Tuesday, 30 April 2013

What’s the minimum salary for Tier 2 General visa? £20,000 or £20,300 or as on Code of Practice?

We are asked this question a lot as requirements seem to be confusing.

1. There is a minimum salary of £20,300, it went up from £20,000 on 6 April 2013. This is just a minimum, so all Tier 2 General applicants must be offered at least that but it does not end there.
2. At the same time the minimum salary must be as on the Tier 2 Code of Practice here:http://www.ukba.homeoffice.gov.uk/business-sponsors/points/sponsoringmigrants/employingmigrants/codesofpractice/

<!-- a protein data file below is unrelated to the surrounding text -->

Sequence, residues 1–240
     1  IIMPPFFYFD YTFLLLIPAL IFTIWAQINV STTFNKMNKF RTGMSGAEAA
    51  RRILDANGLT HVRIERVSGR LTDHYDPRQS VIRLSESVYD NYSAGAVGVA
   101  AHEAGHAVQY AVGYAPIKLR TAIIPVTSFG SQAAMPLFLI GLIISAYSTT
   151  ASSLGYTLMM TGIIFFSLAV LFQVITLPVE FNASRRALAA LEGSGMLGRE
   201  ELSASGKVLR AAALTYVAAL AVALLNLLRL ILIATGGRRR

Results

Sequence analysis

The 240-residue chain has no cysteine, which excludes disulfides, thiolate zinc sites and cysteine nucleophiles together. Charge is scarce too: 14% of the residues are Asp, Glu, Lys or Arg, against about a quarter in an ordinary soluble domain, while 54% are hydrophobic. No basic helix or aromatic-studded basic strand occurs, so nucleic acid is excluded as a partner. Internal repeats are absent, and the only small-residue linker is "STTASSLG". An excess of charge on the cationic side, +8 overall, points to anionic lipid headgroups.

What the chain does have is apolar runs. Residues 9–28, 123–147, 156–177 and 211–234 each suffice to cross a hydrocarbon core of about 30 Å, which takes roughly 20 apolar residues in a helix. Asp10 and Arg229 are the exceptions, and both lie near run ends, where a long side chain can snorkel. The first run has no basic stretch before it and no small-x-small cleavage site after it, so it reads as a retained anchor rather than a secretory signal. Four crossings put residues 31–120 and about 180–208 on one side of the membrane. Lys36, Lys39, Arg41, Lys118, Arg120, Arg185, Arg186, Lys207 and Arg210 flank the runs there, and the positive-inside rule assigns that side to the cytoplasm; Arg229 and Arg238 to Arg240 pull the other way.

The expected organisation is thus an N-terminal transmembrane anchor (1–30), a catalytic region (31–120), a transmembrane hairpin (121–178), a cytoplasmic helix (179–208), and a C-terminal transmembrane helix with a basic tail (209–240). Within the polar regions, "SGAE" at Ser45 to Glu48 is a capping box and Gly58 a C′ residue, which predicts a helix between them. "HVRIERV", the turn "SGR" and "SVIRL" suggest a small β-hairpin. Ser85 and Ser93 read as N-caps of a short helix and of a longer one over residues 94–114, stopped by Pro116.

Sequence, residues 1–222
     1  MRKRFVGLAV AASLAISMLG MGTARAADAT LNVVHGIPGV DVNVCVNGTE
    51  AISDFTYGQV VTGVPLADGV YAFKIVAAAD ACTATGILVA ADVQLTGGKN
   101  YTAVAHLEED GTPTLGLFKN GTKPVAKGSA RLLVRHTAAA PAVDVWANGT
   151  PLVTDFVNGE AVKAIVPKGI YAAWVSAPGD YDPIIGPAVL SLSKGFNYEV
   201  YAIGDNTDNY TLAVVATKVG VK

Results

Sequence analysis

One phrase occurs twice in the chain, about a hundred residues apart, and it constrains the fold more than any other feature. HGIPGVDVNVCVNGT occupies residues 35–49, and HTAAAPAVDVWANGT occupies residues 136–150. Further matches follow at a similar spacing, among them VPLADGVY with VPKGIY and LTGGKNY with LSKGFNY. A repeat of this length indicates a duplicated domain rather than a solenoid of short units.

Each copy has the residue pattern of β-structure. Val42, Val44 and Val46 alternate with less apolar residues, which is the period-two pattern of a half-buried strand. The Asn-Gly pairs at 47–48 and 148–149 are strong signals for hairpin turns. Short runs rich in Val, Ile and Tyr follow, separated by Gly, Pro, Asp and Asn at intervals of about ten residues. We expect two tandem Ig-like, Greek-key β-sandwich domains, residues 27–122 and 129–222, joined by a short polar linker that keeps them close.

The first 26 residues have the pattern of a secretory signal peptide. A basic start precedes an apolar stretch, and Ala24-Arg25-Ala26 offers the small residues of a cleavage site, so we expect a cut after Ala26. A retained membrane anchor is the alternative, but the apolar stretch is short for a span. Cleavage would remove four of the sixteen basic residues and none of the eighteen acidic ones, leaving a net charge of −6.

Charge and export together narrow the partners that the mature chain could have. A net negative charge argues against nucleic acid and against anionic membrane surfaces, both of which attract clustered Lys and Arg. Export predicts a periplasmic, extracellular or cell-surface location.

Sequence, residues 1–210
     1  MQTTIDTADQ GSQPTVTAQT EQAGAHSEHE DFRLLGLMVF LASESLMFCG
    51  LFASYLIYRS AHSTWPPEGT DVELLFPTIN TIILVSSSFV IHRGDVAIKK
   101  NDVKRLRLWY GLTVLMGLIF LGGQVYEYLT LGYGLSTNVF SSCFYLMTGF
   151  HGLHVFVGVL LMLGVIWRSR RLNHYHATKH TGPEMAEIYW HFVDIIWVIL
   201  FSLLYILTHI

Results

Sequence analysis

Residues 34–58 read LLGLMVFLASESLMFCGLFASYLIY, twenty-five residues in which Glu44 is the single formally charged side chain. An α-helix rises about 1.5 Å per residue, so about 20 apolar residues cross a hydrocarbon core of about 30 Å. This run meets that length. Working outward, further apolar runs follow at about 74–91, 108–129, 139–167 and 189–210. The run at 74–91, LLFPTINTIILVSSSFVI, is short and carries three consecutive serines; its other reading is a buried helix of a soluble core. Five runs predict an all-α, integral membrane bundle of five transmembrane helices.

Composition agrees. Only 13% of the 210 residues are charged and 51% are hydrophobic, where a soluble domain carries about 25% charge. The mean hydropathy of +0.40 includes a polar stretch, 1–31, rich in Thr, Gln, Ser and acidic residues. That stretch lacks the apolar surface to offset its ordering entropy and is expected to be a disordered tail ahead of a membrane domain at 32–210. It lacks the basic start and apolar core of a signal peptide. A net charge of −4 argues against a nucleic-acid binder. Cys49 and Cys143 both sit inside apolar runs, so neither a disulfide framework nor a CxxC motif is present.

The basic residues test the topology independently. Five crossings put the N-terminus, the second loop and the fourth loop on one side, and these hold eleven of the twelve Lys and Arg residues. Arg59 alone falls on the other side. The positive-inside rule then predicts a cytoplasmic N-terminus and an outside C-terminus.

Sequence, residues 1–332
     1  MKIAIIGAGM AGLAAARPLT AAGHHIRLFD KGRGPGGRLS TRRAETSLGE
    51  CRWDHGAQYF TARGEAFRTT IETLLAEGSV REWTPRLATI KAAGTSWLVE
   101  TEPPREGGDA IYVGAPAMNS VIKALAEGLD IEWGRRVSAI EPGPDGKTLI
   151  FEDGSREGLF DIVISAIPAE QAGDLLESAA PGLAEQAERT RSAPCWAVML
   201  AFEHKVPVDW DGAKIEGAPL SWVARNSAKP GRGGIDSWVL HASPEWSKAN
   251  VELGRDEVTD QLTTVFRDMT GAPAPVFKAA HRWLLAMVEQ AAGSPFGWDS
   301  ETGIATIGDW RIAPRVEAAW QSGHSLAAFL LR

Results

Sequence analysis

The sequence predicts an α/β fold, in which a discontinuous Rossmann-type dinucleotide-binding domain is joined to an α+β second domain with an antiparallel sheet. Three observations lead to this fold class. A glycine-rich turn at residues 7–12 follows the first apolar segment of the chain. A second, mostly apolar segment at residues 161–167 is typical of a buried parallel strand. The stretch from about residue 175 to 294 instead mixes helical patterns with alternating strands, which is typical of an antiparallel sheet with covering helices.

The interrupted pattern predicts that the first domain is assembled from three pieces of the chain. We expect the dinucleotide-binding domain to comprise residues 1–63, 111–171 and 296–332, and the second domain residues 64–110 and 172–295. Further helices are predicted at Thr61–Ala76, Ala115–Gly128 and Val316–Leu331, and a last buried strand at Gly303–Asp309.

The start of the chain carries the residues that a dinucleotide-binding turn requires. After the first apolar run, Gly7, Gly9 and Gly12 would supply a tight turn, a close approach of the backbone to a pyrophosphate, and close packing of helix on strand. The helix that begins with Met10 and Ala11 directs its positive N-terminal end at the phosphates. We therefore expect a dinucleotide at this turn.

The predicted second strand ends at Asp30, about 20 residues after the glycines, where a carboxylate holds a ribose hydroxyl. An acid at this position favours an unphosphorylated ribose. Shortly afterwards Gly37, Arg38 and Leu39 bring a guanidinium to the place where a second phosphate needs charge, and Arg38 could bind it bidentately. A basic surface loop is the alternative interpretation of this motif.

Or if your job is on a Shortage Occupation List then salaries will also be on it here:http://www.ukba.homeoffice.gov.uk/business-sponsors/points/sponsoringmigrants/employingmigrants/shortageoccupationlist/
For example, if your occupation requires a minimum salary of £19,000 then you must be still offered at least £20,300 to qualify, otherwise your application will be refused.
However, if your occupation requires a minimum of, say, £30,000 then you must be offered minimum £30,000 (and not £20,300). If you are offered less than £30,000 in this example then your application will be refused because your salary is not as on the Code of Practice, even if it is £20,300.
If your employer cannot afford to pay £30,000 then they can reduce a number of hours you work, on a pro-rated basis (still keeping the minimum of £20,300).